Music Review: Southwest Chamber Music at the HuntingtonAugust 4, 2010 | By Theodore Bell | Category: Classical Music and Opera
Southwest Chamber Music continued its reputation for great programming on July 23, as Artistic Director Jeff von der Schmidt connected the dots for us between Mexico and Vienna with works by Silvestre Revueltas, Gabriela Ortiz, and Beethoven.
The setting was an idyllic Los Angeles summer’s eve at the Huntington. As I strolled in the gardens, dusk gradually revealed the LA cityscape brightening in the distance. And then while sitting on the grand stone porch that is the art gallery loggia, I had a perfect view of a full moon. Low on the horizon and framed by the tall stone columns of the portico, it dimly bathed the great lawn in shades of gray behind the stage. Such was the backdrop for a most memorable concert.
Revueltas’ String Quartet No. 4, Música de feria (1932), was rhythmically hot with melodies distinctively Mexican. The compositional style is familiar and easily approachable and tuneful. In the fiery opening, violinists Lorenz Gamma and Shalini Vijayan produced delicate harmonic timbres that blended and floated beautifully together over violist Jan Karlin’s and cellist Peter Jacobson’s flickering pizzicato. The seminal attributes of Revueltas’ sound were easy to appreciate. Gamma led an extended crescendo and accelerando to frenzy, and the precise and effective timing of the ensemble ending created a stunning effect.
It was a pleasure to hear the contemporary Aroma Foliado for String Quartet by internationally acclaimed composer Ortiz, whose Mexican origins fuel a seamless blend of firsthand folk, classic, jazz and avant-garde influences that have created her distinctive style and appeal. Jacobson’s cello was solid, and he met the demands of the composer with gusto. He totally grounded the ensemble, and his melodic lines were alluring. His enthusiasm is a treat.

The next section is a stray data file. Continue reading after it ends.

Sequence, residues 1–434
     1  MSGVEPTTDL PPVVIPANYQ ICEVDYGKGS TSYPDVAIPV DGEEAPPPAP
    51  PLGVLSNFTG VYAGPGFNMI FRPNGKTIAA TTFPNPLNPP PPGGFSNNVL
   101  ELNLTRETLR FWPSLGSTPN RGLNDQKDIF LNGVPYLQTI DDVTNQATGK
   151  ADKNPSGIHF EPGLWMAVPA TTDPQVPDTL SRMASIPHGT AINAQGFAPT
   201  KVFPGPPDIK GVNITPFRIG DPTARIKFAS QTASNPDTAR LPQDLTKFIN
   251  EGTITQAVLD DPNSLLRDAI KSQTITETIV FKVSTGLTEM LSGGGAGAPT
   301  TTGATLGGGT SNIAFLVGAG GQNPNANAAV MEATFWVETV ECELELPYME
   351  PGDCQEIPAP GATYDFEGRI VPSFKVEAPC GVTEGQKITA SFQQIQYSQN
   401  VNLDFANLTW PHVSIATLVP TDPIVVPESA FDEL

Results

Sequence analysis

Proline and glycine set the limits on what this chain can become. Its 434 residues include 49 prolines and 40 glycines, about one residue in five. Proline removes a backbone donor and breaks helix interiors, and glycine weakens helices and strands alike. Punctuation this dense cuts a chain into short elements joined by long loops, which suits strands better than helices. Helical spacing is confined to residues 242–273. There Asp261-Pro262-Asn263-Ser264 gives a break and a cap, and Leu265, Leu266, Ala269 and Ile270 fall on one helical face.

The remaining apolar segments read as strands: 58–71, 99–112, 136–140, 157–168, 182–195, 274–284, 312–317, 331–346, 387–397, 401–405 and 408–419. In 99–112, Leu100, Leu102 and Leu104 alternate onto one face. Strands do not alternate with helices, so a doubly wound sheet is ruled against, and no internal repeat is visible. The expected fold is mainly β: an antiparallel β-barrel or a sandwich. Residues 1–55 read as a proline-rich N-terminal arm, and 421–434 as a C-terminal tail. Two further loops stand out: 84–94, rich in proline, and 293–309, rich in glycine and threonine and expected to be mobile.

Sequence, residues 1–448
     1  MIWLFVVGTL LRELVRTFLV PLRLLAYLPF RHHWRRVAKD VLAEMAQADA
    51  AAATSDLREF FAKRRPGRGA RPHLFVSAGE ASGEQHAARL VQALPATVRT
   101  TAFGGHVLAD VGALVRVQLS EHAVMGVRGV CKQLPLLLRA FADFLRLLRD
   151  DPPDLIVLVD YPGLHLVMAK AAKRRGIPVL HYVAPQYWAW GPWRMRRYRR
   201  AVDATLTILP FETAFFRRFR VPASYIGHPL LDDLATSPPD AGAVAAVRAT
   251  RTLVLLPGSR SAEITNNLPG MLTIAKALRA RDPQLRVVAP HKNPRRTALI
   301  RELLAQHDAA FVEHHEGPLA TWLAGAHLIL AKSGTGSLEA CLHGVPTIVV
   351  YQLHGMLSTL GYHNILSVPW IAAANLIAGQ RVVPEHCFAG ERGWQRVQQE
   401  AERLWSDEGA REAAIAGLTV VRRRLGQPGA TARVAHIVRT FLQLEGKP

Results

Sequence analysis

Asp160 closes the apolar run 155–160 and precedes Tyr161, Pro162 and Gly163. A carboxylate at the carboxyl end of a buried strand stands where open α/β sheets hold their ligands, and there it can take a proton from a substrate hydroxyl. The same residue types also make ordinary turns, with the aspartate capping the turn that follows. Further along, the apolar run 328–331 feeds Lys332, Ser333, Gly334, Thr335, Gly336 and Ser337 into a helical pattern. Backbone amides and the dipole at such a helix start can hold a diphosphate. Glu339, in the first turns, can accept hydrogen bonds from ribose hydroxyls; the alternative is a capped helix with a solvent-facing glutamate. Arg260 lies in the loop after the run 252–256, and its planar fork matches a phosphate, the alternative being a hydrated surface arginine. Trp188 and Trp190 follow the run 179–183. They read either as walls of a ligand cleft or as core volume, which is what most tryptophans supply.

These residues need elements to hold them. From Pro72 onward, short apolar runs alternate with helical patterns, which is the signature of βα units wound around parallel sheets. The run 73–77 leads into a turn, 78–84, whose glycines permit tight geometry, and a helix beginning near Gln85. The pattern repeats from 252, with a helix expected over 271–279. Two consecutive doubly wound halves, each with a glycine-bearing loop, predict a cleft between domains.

The genius of Beethoven cannot be subdued, and the players let it ride. The quartet delivered in grand style the fresh drama that Beethoven packed into String Quartet No. 9 in C major, Op. 59, No. 3, the last and least-Russian of the “Rasumofsky quartets.” Gamma was brilliant, and led the quartet at times with a frenetic, yet graceful dynamic. The Beethoven performance was the high point of the evening; the ensemble was superb.
Southwest Chamber Music continues its summer series with four concerts in August. You can choose to sit on the loggia with the musicians, or bring a blanket or folding chair and enjoy the sound from the expansive lawn.
The crowd on the lawn is growing with every season, and as Board member Carl Selkin said to me, “The lawn is nice, and the sound radiates from the porch surprisingly well. You can have a sausage and wine while listening to great music.” Now, that is approachable chamber music.
Jeff von der Schmidt and I spoke at intermission, and as we reminisced about the fantastic Ascending Dragon Festival concerts, he hinted of even greater things in seasons to come! I can’t wait to hear what they have planned.
The concert this weekend, Aug. 7 and 8, will be fabulous, as harpist Alison Bjorkedal joins the quartet in Debussy’s Danse sacrée et danse profane and Ravel’s Introduction and Allegro. Le Fils des étoiles by Eric Satie (with flutist Larry Kaplan) and Solar Music by Anne Le Baron (with clarinetist Jim Foscia) are also on the program. The Debussy String Quartet is featured after intermission – need I say more?